A Pup Named Scooby-Doo!
A Pup Named Scooby-Doo is an American animated mystery comedy series produced by Hanna-Barbera that revolves around Scooby and the gang as children. It ran for four seasons from September 10, 1988 to August 17, 1991.
A pup version of Scooby-Doo, with a pint-sized version of Mystery Inc., go on mysteries around their suburban town.
Why It Rocks
- It’s one of the very few times where the writers of a show take the "younger version of main characters" spin-off cliché and actually do a decent job with it.
- Awesome voice acting.
- The animation is very nice and well-drawn with cartoony tune to it.
- The gang's parents actually make appearances where relevant, giving the characters at least somewhat of a background.
- It stay’s true to the original Scooby-Doo franchise with its mixture of humor and mystery.
- The character designs are amazing, especially the children versions of Scooby and the gang.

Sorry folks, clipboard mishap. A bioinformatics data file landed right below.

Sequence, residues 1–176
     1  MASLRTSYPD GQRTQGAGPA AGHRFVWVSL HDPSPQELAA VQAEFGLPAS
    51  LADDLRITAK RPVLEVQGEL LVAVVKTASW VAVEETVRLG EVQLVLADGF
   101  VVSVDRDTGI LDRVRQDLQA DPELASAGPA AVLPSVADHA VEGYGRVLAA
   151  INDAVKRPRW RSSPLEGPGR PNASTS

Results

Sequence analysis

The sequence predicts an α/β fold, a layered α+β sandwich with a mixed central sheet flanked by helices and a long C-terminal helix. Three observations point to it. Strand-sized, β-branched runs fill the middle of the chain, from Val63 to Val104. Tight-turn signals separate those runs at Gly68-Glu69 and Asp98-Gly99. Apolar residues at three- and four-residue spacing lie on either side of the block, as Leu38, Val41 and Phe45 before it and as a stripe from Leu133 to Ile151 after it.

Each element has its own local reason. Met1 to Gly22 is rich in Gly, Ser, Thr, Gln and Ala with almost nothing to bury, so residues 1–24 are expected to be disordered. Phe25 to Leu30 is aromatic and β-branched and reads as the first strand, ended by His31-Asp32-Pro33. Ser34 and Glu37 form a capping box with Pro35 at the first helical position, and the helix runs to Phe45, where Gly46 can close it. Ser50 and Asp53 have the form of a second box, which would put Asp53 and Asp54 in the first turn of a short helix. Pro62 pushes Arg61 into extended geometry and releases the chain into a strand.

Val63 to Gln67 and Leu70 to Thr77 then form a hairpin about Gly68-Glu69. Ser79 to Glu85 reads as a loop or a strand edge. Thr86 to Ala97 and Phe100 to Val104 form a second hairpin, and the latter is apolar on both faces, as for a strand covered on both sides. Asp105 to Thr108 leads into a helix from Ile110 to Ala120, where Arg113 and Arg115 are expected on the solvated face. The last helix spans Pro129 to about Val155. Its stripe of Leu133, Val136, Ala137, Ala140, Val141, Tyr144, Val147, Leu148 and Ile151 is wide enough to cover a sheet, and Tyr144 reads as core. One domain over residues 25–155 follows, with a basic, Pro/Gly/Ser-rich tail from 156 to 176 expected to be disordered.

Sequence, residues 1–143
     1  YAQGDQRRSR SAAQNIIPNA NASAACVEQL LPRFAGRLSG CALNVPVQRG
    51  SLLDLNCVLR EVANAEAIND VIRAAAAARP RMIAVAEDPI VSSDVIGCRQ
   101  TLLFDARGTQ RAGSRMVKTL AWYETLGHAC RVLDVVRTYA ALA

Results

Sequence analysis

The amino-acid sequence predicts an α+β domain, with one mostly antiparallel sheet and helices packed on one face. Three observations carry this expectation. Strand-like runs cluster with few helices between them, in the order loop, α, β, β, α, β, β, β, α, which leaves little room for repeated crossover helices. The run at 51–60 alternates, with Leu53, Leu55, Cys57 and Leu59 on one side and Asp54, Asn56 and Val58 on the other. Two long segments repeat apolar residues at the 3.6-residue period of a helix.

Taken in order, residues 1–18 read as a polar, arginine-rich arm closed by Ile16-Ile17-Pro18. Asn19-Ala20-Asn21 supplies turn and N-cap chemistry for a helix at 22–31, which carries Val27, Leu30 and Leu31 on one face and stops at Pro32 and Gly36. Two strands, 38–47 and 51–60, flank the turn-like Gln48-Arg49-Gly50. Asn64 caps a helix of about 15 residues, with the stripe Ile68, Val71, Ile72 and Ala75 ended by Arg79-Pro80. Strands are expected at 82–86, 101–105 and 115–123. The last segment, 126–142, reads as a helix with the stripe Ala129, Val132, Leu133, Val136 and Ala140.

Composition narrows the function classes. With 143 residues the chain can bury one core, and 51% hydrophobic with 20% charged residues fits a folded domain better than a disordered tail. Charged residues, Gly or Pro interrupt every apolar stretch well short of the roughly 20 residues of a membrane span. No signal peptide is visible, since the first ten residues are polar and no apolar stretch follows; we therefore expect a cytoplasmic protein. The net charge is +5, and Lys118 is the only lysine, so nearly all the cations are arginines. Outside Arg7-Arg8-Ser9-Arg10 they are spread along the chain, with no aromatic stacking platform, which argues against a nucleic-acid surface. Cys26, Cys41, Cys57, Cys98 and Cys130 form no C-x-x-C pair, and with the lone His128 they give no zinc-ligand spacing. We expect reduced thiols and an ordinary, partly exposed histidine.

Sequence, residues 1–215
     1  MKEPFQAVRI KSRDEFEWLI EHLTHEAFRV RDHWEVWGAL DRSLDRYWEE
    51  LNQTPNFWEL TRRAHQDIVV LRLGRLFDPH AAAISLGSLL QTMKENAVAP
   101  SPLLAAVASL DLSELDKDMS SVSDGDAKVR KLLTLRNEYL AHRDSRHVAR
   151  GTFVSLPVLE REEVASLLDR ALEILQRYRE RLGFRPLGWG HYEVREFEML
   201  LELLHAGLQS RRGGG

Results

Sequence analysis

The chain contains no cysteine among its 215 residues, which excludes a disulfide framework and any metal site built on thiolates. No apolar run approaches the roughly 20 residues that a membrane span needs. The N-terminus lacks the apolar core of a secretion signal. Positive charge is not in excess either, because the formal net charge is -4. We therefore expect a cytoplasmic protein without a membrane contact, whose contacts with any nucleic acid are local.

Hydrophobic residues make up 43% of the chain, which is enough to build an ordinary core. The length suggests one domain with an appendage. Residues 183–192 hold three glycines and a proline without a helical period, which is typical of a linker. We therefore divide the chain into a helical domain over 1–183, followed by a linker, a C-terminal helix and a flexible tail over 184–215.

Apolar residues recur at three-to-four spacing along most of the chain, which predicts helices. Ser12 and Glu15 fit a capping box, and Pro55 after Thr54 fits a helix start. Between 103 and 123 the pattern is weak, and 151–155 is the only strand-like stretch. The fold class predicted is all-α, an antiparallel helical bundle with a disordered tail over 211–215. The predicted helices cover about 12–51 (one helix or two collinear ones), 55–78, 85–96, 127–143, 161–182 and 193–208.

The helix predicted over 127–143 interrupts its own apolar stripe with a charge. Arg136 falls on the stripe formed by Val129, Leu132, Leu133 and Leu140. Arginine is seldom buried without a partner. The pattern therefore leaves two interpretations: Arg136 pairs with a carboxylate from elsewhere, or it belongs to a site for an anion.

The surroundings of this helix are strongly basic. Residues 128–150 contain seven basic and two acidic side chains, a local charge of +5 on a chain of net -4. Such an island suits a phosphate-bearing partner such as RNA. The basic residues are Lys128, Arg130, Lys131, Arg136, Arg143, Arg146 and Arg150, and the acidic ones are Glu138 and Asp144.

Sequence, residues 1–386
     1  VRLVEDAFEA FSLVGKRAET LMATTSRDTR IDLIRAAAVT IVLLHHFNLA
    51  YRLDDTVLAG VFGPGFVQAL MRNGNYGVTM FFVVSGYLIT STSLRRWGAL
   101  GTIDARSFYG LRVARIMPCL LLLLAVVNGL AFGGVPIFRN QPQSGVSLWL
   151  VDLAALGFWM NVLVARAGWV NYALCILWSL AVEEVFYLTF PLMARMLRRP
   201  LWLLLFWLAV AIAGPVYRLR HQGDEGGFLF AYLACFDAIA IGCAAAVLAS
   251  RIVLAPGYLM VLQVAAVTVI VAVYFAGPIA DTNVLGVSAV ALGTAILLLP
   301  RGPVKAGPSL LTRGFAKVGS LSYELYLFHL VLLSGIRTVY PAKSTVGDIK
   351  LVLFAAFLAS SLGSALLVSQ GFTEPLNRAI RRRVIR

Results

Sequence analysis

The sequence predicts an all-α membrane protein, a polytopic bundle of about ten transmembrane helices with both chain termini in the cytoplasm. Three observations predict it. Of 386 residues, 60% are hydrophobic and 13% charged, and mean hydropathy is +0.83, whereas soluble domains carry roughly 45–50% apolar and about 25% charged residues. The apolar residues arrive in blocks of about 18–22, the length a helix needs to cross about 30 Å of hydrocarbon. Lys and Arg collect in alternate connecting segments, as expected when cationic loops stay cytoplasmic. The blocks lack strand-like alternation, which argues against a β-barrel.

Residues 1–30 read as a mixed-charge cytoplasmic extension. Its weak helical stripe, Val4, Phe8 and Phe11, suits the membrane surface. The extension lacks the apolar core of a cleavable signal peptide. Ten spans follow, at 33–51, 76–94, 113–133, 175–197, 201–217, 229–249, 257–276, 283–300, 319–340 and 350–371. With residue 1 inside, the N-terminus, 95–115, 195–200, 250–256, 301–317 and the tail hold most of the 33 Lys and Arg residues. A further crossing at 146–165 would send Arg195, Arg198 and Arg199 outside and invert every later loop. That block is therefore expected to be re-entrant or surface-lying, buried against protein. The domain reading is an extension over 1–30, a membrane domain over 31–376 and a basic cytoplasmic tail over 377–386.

- The theme song is fast-paced but very catchy.
- Memorable 1950s rock and roll style soundtrack, particularly for the chase montages, in many instances, the gang, as well as the monster, would actually take a moment to dance to the music!
- Likable and memorable characters.
- The pacing’s quick but well-done.
- A decent amount of, and not too many, fourth-wall breaks.
- Clever use of squash and stretch to create exaggerated Tex Avery/Bob Clampett-esque wild double takes when characters run into ghosts and monsters for comedic effect.
- Unforgettable running gags, like the one of how Fred blames almost everything on a bully named Red Herring, which often prompts him to appear to assert that he was innocent.
- Scooby-Doo as a pup is adorable.
- One episode, Scooby-Dude, has a decent “Don’t do drugs” message to the kid viewers.
- The What's New, Scooby Doo? episode, "A Terrifying Round with a Menacing Metallic Clown", would feature a flashback to Velma's fifth birthday, using the character designs from this cartoon, albeit with some modifications, such as Daphne, Fred, and Velma wearing outfits styled closer to those of their adult counterparts.
- In 2013, a direct-to-video puppet movie entitled Scooby-Doo! Adventures: The Mystery Map would feature traits to that of this cartoon.
- A Pup Named Scooby-Doo! was not only popular in the United States of America it was also popular in Italy, too.